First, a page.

Usually, their venom (like a poison) is not strong enough to hurt humans. So spider bites usually go unnoticed, or they may look like any other bug bite.
A few types of spiders can cause problems for people when they bite. In the US, the spiders to watch out for are:
- Brown recluse spiders. This small oval brown spider has long skinny legs with a body that’s about half an inch (10 mm) long. It has a dark violin shape on top of its head. They’re found mostly in midwestern and southern parts of the United States. They hide in dark, quiet places like attics or garages, under porches, and in woodpiles.
Signs of a bite: A brown recluse spider bite usually won't hurt at first, so a person might not know they were bitten. But some bites cause swelling, changes in skin color, and a blister, which later can become a large open sore. Rarely, other general symptoms like chills, fever, nausea, and body aches can follow a brown recluse bite.
- Black widow spiders. This small shiny black spider with long skinny legs is about half an inch (10 mm) long, with an orange-red or yellow hourglass shape on its underbelly. They’re found all over the world, and live in damp, dark places like woodpiles, tree stumps, trash piles, storage sheds, fruit and vegetable gardens, stone walls, and under rocks.
Signs of a bite: A black widow spider bite might not hurt or can feel like a little pinprick. An hour or two later, the bite area can hurt and swell, and painful cramps may spread to the rest of the body, especially the arms, legs, back, and stomach. A bite also can lead to weakness, shakiness, nausea, vomiting, sweating, and headache.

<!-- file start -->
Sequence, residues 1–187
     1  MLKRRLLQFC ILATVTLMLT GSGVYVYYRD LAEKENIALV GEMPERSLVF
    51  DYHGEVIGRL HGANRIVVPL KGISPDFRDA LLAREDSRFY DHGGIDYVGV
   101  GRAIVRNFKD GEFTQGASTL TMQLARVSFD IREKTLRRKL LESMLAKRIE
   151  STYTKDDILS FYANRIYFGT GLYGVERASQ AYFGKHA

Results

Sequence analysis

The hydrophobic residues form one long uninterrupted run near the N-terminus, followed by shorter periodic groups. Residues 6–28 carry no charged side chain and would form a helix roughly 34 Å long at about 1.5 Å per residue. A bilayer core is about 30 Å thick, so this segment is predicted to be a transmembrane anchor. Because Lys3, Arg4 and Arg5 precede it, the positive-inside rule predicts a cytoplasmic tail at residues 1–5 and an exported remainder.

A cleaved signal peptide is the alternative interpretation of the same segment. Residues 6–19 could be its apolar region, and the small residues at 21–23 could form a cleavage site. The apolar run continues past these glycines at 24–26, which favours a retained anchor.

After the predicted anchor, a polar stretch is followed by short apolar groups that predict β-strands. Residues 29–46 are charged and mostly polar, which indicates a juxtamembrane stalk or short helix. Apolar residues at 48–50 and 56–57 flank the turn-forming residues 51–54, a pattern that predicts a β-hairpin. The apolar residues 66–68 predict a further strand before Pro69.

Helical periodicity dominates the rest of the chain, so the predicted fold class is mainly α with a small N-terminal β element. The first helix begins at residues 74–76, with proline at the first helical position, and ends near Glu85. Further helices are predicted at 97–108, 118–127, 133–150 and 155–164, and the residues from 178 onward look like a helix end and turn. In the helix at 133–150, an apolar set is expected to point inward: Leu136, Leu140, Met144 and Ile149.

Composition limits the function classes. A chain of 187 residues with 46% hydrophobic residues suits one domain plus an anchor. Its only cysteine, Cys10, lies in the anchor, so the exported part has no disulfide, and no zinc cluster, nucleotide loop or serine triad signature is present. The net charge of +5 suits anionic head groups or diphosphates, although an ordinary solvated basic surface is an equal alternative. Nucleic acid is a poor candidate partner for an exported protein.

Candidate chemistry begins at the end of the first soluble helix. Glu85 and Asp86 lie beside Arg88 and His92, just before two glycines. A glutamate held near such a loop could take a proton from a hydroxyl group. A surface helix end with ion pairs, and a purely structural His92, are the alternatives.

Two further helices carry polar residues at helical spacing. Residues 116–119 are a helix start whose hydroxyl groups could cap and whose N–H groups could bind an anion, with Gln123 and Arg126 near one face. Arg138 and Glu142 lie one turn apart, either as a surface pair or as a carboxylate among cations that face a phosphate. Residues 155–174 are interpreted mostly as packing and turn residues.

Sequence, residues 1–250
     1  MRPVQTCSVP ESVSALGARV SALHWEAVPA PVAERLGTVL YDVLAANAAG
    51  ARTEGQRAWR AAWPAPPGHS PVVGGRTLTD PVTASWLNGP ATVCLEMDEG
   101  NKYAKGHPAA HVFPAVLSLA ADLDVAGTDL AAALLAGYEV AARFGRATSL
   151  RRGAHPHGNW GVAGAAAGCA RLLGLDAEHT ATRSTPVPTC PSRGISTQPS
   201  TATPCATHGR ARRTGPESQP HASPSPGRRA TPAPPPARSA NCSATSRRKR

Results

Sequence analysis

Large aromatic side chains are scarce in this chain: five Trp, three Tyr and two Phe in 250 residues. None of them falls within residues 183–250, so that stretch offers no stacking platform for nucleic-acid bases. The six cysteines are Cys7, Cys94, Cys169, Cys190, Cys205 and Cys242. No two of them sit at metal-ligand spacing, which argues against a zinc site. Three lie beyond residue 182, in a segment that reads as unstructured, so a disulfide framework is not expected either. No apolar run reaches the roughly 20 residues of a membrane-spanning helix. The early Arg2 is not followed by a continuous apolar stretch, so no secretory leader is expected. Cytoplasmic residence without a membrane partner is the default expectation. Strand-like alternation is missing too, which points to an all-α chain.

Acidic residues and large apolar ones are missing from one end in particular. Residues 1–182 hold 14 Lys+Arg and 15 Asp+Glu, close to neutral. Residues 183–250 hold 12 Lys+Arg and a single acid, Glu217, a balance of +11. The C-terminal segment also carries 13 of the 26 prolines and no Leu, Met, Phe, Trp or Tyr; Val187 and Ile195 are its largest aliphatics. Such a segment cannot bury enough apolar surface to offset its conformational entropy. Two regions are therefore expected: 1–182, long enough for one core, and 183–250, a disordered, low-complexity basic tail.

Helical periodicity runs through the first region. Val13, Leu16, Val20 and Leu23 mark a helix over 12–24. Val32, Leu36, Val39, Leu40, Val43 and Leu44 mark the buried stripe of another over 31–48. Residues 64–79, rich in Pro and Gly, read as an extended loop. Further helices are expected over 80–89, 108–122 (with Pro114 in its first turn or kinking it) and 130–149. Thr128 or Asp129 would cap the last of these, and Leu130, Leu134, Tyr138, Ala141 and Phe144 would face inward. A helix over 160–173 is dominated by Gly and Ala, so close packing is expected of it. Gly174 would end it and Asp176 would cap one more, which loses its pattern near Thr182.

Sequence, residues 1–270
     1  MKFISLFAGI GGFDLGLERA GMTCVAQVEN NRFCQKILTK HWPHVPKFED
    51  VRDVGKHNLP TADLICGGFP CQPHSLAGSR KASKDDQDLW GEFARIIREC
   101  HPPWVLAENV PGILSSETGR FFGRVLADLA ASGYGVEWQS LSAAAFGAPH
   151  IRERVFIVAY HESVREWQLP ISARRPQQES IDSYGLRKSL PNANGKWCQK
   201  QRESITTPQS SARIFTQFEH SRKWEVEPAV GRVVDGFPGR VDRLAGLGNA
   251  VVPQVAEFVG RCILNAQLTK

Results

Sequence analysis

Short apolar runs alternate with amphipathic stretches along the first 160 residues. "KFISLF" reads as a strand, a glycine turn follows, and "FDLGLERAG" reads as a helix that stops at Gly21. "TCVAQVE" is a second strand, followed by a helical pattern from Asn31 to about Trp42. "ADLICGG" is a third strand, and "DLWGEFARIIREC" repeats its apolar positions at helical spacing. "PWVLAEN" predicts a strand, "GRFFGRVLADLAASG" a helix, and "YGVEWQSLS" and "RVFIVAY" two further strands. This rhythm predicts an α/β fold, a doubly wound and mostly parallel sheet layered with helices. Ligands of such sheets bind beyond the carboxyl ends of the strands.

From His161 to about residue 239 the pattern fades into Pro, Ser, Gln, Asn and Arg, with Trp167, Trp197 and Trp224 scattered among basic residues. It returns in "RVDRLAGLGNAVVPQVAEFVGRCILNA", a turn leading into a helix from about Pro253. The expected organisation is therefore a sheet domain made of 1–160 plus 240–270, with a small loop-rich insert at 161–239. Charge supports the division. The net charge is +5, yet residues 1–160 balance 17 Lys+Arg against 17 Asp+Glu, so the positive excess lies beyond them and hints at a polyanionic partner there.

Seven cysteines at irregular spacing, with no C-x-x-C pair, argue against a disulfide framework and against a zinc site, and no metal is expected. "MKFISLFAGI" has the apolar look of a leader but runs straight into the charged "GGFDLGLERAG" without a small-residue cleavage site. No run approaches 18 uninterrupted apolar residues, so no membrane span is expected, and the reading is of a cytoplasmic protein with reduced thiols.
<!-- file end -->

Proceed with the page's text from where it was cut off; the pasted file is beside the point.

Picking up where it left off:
- Tarantulas. This large hairy spider isn’t nearly as dangerous as it looks. They’re found all over the world and can grow up to 5 inches (13 cm) long. Those in the United States are usually about half that size. Tarantulas live in nests in the ground and avoid people whenever they can.
Signs of a bite: A tarantula’s bite will be red, swollen, and painful like a bee sting. Its venom is very weak, so bites usually don’t cause more serious reactions in other parts of the body. Tarantulas also can release hairs from their body if they feel threatened. These can irritate the skin or eyes, and cause pain, redness, itchiness, or swelling that can last for weeks.
Handling Spider Bites
Here’s how to handle a spider bite:
- Wash the bite area carefully with soap and water.
- Apply cool compresses or an ice pack to the bite.
- Keep the bite area raised and still to prevent the venom from spreading.
- Give acetaminophen or ibuprofen for pain.
- To protect against infection, apply an antibiotic ointment and keep your child's hands washed.
- Try to catch the spider that bit your child, so that it can be identified. You can kill it first — just be sure not to squish it so much that no one can tell what type it is.
If you think your child might have a brown recluse or black widow spider bite:
- Go to the emergency room. Even with no symptoms, your child should get medical attention right away.
Doctors treat spider bites with medicines to ease symptoms. For example, people with black widow spider bites might need medicines that reduce pain and relax the muscles. Doctors might give antivenom to people with underlying medical problems or who don’t get better from the other medicines. A brown recluse spider bite might be treated with antibiotics if the bite gets infected. If the skin around the bite gets very damaged, a person might need surgery.
How Can We Prevent Spider Bites?
The best way to prevent a spider bite is to be careful in areas like undisturbed piles of rocks or wood, seldom-opened boxes, or corners behind furniture. Anyone who works in an area with piles of logs or leaves should wear gloves.
Shake out blankets and clothing that have been stored in the attic or the basement, or those that are in a closet but haven’t been used in a long time.
Check behind furniture before cleaning or playing there. If you keep shoes in a garage, basement, or mudroom, shake them out before wearing them.
And if you spot a tarantula, leave it alone. They will not bite unless they feel threatened.
Note: All information is for educational purposes only. For specific medical advice, diagnoses, and treatment, consult your doctor.
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